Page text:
If US doctors follow the new guidelines, a doubling of those on statins will add many $billions more to Pharma's coffers.  The rest of the world is befuddled by the US' addiction to prescription drugs; it will be interesting to see how doctors elsewhere react to these recommendations.

A NYT Op-Ed by doctors John Abramson and Rita Redberg lays out the serious questions surrounding the new recommendations.  Here is an excerpt:
Statins are effective for people with known heart disease. But for people who have less than a 20 percent risk of getting heart disease in the next 10 years, statins not only fail to reduce the risk of death, but also fail even to reduce the risk of serious illness — as shown in a recent BMJ article co-written by one of us. That article shows that, based on the same data the new guidelines rely on, 140 people in this risk group would need to be treated with statins in order to prevent a single heart attack or stroke, without any overall reduction in death or serious illness.
At the same time, 18 percent or more of this group would experience side effects, including muscle pain or weakness, decreased cognitive function, increased risk of diabetes(especially for women), cataracts or sexual dysfunction.
Perhaps more dangerous, statins provide false reassurances that may discourage patients from taking the steps that actually reduce cardiovascular disease. According to the World Health Organization, 80 percent of cardiovascular disease is caused by smoking, lack of exercise, an unhealthy diet, and other lifestyle factors. Statins give the illusion of protection to many people, who would be much better served, for example, by simply walking an extra 10 minutes per day.
Aside from these concerns, we have more reasons to be wary about the data behind this expansion of drug therapy.
When the last guidelines were issued by the National Heart, Lung, and Blood Institute in 2001, they nearly tripled the number of Americans for whom cholesterol-lowering drug therapy was recommended — from 13 million to 36 million. These guidelines were reportedly based strictly on results from clinical trials. But this was contradicted by the data described in the document itself...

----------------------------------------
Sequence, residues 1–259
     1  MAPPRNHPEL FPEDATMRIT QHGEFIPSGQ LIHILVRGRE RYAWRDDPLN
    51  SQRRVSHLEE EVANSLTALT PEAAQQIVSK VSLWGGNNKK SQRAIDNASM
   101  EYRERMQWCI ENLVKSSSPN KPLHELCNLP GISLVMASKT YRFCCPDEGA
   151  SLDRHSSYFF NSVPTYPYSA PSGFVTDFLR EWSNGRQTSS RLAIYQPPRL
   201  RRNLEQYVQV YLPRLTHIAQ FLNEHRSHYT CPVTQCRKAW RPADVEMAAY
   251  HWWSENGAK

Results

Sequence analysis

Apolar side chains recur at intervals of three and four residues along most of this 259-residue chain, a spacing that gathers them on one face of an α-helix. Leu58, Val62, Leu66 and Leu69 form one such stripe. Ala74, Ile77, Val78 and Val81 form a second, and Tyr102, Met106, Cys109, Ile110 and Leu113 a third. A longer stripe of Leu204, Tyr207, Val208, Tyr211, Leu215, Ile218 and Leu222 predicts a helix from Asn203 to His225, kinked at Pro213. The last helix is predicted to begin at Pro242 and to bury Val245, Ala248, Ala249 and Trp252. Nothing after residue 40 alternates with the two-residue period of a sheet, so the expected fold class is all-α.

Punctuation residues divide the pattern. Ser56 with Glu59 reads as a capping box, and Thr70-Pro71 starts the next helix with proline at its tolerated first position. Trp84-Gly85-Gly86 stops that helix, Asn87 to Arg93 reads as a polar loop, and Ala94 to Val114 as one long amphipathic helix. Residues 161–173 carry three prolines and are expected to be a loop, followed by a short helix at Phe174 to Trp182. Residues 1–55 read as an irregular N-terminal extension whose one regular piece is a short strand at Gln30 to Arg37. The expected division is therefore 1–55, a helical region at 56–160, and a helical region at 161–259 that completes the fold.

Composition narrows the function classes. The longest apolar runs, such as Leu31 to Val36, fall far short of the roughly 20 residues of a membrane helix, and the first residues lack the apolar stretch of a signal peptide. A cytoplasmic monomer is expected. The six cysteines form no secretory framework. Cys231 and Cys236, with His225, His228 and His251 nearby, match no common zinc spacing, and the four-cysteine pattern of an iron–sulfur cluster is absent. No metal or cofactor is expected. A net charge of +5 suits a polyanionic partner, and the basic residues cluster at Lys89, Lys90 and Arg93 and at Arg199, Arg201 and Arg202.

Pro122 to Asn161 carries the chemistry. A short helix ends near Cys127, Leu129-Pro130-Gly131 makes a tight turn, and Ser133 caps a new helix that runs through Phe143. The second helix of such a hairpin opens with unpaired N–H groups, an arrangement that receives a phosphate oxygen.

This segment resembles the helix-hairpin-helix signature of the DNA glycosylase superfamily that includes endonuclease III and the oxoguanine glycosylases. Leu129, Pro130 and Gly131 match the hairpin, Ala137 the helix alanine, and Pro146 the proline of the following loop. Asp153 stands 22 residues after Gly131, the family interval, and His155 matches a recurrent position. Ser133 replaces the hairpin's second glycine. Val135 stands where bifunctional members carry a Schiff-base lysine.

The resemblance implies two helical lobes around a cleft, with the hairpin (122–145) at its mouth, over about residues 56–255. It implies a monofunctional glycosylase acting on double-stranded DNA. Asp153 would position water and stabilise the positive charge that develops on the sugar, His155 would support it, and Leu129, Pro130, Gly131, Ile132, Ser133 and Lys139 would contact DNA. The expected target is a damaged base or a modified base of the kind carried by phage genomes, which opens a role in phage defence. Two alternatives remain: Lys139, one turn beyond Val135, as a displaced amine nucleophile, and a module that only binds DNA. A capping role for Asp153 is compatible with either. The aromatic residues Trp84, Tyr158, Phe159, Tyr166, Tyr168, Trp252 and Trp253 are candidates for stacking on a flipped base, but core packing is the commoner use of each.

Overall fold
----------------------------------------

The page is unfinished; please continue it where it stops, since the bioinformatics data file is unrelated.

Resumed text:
Wednesday, November 13, 2013

Oral arguments next week in 2 cases could torpedo some NSA surveillance/ US News

The first legal cases (outside the secret FISA court and post Snowden) questioning the legality of NSA spying come to the forefront next week.  See the US News piece here.

The first case seeks a broad preliminary injection against "some NSA surveillance programs" and will be heard Monday, Nov 18.  It is a class action brought by Larry Klayman, formerly a Reagan prosecutor and later founder of "Judicial Watch."  He now heads "Freedom Watch".  Oral arguments will be heard by US District Court Judge Richard Leon in DC.

The second, narrower case was brought by the ACLU and seeks an injunction against the collection of phone metadata through Verizon.  Oral arguments will be heard by US District Court Judge William Pauley on November 22 in NYC.

In a November 1 column, Larry Klayman wrote: